How smart stores equipped with multiple sensors make shopping a breeze
“On a Friday evening, you decided to make Mexican fish tacos, so on your way home from get off work, you hurriedly walked into a local supermarket. It only takes a few minutes to find coriander, or, more accurately, locate the empty shelf where coriander should be placed. Then after 10 minutes of queueing at the cashier with only one staff member, you finally got home, but found that you forgot to buy corn pancakes. Then you can only eat leftover casserole on Friday night.
On a Friday evening, you decided to make Mexican fish tacos, so on your way home from get off work, you hurriedly walked into a local supermarket. It only takes a few minutes to find coriander, or, more accurately, locate the empty shelf where coriander should be placed. Then after 10 minutes of queueing at the cashier with only one staff member, you finally got home, but found that you forgot to buy corn pancakes. Then you can only eat leftover casserole on Friday night.
Data moves almost at the speed of light, but grocery stores cannot. With the popularization of high-speed Internet, the speed of information transmission is getting faster and faster, but the efficiency of physical transactions necessary for buying and selling commodities has lagged behind. This situation is about to change.
Gustavo Martinez, a system engineer at our company, said: “Many large and small companies are working on using sensor technology and machine learning to improve the shopping experience. For example, customers are waiting in a long line of payment, or they find that the store does not have their own. They are frustrated by the items they want to buy, or if they feel that the items in this store are more expensive than others.”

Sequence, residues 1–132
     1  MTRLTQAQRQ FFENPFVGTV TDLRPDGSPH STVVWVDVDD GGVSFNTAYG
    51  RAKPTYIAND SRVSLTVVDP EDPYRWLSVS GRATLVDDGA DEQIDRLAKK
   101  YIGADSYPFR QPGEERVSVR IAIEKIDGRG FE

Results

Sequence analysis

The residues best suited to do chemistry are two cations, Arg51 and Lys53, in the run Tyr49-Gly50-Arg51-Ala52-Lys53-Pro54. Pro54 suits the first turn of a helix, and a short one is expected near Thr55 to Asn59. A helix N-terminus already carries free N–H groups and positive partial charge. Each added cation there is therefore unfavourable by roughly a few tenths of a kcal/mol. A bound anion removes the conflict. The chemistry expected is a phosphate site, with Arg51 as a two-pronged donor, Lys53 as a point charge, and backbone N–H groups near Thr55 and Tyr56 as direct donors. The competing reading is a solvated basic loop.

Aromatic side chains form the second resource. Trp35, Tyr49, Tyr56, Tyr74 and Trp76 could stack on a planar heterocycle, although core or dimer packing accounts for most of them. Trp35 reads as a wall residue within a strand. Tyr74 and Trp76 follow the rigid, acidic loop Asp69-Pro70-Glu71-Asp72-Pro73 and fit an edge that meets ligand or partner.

Your personal shopping assistant
The combination of machine learning and GPS technology has enabled retailers to provide personalized advertisements when potential customers walk near the store. The next step is to use in-store sensors (such as Bluetooth beacons) to provide hyper-localized promotions on a single shelf.
These may trigger custom notifications on smartphones – for example, a half-price discount on vanilla wafers for customers who will stare at the cookie shelf for several minutes. In addition, replacing paper price tags with LCD displays can flexibly Display special prices on shelves and change as different customers approach.
Gustavo said that these smart displays can also guide customers to shop. He also said: “The store’s app can plan the most effective shopping route so that you can get all the items in the shopping list, and we can make the display in the shelf light up when you are close, so that you can find what you want. Items.”
The end of the queuing checkout era
One of the most significant changes in the in-store experience is the rise of self-checkout. This is not just about saving staff costs for the store.
Gustavo said: “The main thing is to eliminate queues for checkout. At least as far as I am concerned, waiting 10 or 15 minutes is the most annoying thing for me to go to the store.”
However, self-checkout is not perfect. Entering uncoded products (such as bulk fruits) is still a relatively laborious process, and it also requires store attendants to run back and forth between points of sale to help deal with issues and products with limited shelf life.